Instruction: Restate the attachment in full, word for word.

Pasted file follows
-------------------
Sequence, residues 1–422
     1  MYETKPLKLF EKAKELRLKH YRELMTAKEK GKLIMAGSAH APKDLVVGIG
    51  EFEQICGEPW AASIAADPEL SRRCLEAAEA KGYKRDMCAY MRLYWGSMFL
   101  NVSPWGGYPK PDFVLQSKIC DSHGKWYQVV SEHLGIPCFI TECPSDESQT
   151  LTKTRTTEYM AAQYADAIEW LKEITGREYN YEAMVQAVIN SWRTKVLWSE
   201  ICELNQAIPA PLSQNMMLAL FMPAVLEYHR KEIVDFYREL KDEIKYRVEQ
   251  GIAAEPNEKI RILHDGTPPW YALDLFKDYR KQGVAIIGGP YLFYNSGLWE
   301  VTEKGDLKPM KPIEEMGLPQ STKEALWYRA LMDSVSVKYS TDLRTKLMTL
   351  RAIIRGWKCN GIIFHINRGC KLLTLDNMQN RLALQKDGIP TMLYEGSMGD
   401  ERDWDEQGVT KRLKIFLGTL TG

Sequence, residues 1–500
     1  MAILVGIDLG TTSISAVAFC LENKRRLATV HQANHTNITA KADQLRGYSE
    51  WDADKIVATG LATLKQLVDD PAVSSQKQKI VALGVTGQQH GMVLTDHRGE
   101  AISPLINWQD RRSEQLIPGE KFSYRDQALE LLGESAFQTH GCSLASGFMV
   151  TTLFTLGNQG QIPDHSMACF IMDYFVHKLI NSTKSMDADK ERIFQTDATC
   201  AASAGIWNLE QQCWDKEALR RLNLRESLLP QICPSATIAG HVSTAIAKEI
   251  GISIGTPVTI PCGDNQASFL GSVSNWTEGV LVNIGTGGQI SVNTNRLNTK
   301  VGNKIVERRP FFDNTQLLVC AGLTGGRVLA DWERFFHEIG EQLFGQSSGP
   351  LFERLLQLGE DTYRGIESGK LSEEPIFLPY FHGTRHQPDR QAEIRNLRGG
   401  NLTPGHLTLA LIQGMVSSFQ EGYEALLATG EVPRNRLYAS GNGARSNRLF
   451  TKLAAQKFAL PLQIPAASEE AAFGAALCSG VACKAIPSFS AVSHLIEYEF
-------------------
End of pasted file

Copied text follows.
Sequence, residues 1–422
     1  MYETKPLKLF EKAKELRLKH YRELMTAKEK GKLIMAGSAH APKDLVVGIG
    51  EFEQICGEPW AASIAADPEL SRRCLEAAEA KGYKRDMCAY MRLYWGSMFL
   101  NVSPWGGYPK PDFVLQSKIC DSHGKWYQVV SEHLGIPCFI TECPSDESQT
   151  LTKTRTTEYM AAQYADAIEW LKEITGREYN YEAMVQAVIN SWRTKVLWSE
   201  ICELNQAIPA PLSQNMMLAL FMPAVLEYHR KEIVDFYREL KDEIKYRVEQ
   251  GIAAEPNEKI RILHDGTPPW YALDLFKDYR KQGVAIIGGP YLFYNSGLWE
   301  VTEKGDLKPM KPIEEMGLPQ STKEALWYRA LMDSVSVKYS TDLRTKLMTL
   351  RAIIRGWKCN GIIFHINRGC KLLTLDNMQN RLALQKDGIP TMLYEGSMGD
   401  ERDWDEQGVT KRLKIFLGTL TG

Sequence, residues 1–500
     1  MAILVGIDLG TTSISAVAFC LENKRRLATV HQANHTNITA KADQLRGYSE
    51  WDADKIVATG LATLKQLVDD PAVSSQKQKI VALGVTGQQH GMVLTDHRGE
   101  AISPLINWQD RRSEQLIPGE KFSYRDQALE LLGESAFQTH GCSLASGFMV
   151  TTLFTLGNQG QIPDHSMACF IMDYFVHKLI NSTKSMDADK ERIFQTDATC
   201  AASAGIWNLE QQCWDKEALR RLNLRESLLP QICPSATIAG HVSTAIAKEI
   251  GISIGTPVTI PCGDNQASFL GSVSNWTEGV LVNIGTGGQI SVNTNRLNTK
   301  VGNKIVERRP FFDNTQLLVC AGLTGGRVLA DWERFFHEIG EQLFGQSSGP
   351  LFERLLQLGE DTYRGIESGK LSEEPIFLPY FHGTRHQPDR QAEIRNLRGG
   401  NLTPGHLTLA LIQGMVSSFQ EGYEALLATG EVPRNRLYAS GNGARSNRLF
   451  TKLAAQKFAL PLQIPAASEE AAFGAALCSG VACKAIPSFS AVSHLIEYEF